The interesting thing about the Last Supper tapestries is that that was almost like the beginning of the awakening of a higher consciousness — but the art world thought that I was interpreting the Last Supper by Leonardo da Vinci. I’m like... No! Because the entire series — even in the ones that were printed here, the Revelations — there’s a figure standing there holding an ankh. So that figure is holding an ankh and there’s a reference to a supposed Christ-like figure — how can it be connected to Christianity? It wasn’t on the map. They just assumed that I was interpreting da Vinci’s Last Supper. And I said no, I’m actually talking about the origins of Christianity coming out of Egypt, and it being co-opted by Europeans. Your average theologian of Christianity says: yeah, Christianity started in Rome or it started in Greece. They’ll never ever say Christianity started in Africa. They’ll never say it. It just doesn’t make any sense.
Pigmented inkjet print, 57 x 45 in. Edition of 8
That’s what I was trying to say to the audience in 1996. I even gave a talk in Switzerland [see YouTube link below for full video of this talk] with Andres Serrano and another artist about this book that was just released called The Christ in Contemporary Photography. They were asking me about references to Christianity in the work. And I was like, no! It’s always been about — it’s called The Book of Coming Forth by Day and Night, but it’s also commonly known as The Book of the Dead. I’m saying these works are entirely based around that. And the audience looked at me like: what is he talking about? At the very end this lady came up to me — she was from Switzerland — and she said, Faisal, I get it. And do you realize that everyone in the audience does not understand this? Even after I explained it, they’re like, is he making this stuff up? And we know artists are known to do that — they find a little piece of something and they run with it as their own truth.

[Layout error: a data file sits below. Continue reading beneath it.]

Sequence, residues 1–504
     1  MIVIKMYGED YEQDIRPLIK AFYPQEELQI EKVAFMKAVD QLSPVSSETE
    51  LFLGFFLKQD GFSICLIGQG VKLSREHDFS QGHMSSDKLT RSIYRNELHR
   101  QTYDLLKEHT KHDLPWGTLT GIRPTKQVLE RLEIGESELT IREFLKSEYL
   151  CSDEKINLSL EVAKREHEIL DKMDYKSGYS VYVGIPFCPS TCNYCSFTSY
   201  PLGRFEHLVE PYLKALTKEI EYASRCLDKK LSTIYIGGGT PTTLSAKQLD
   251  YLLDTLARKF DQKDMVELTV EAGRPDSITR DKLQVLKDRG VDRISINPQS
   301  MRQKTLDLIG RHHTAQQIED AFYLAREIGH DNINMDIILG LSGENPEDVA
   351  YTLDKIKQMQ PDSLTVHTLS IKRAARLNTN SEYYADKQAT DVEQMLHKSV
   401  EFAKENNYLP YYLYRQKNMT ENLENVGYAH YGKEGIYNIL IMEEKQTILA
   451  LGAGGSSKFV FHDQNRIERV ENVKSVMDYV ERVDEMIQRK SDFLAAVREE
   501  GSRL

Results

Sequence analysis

For me, it’s like looking at some of those fundamental spaces of knowledge, where because it gets repeated, it becomes a truth. It’s like usage in the Oxford dictionary. My colleague who is one of the head writers there says: Faisal, every week we get new terms coming to us for the Oxford English Dictionary and they only make it into the book through usage. If we find that there’s enough evidence that there’s enough usage, then it becomes an official word. Like "bling." We always used "bling" on the street; all of a sudden years ago, it makes the OED and it finds its way into popular culture. We were using it on the street for years, d’you know what I mean? So that’s the starting point of how this duppy conqueror started coming into existence.
In that show, there’s a lot of objects that make the show, and I’m making a triptych called After Kosuth. It’s based on a Joseph Kosuth piece called One and Three Chairs. It’s a writing about a chair, a photograph of a chair, and there’s a physical chair. So this is After Kosuth, and it’s based on the concept of One and Three Chairs. So what it is is a drawing of me, done by a colleague, that I translated into an etching. It was important to me that she did the drawing while observing me, so it’s a translation of me as a physical entity, translating it through the gesture. And it’s important that that gesture was fragmented. So there’s a drawing of me bearded; there’s a photograph of me, almost half-bearded; and there’s going to be a gold-plated head, a physical bust of me. So there’s going to be me as a drawing, me as a photograph, and me as a three-dimensional, gold-plated bust.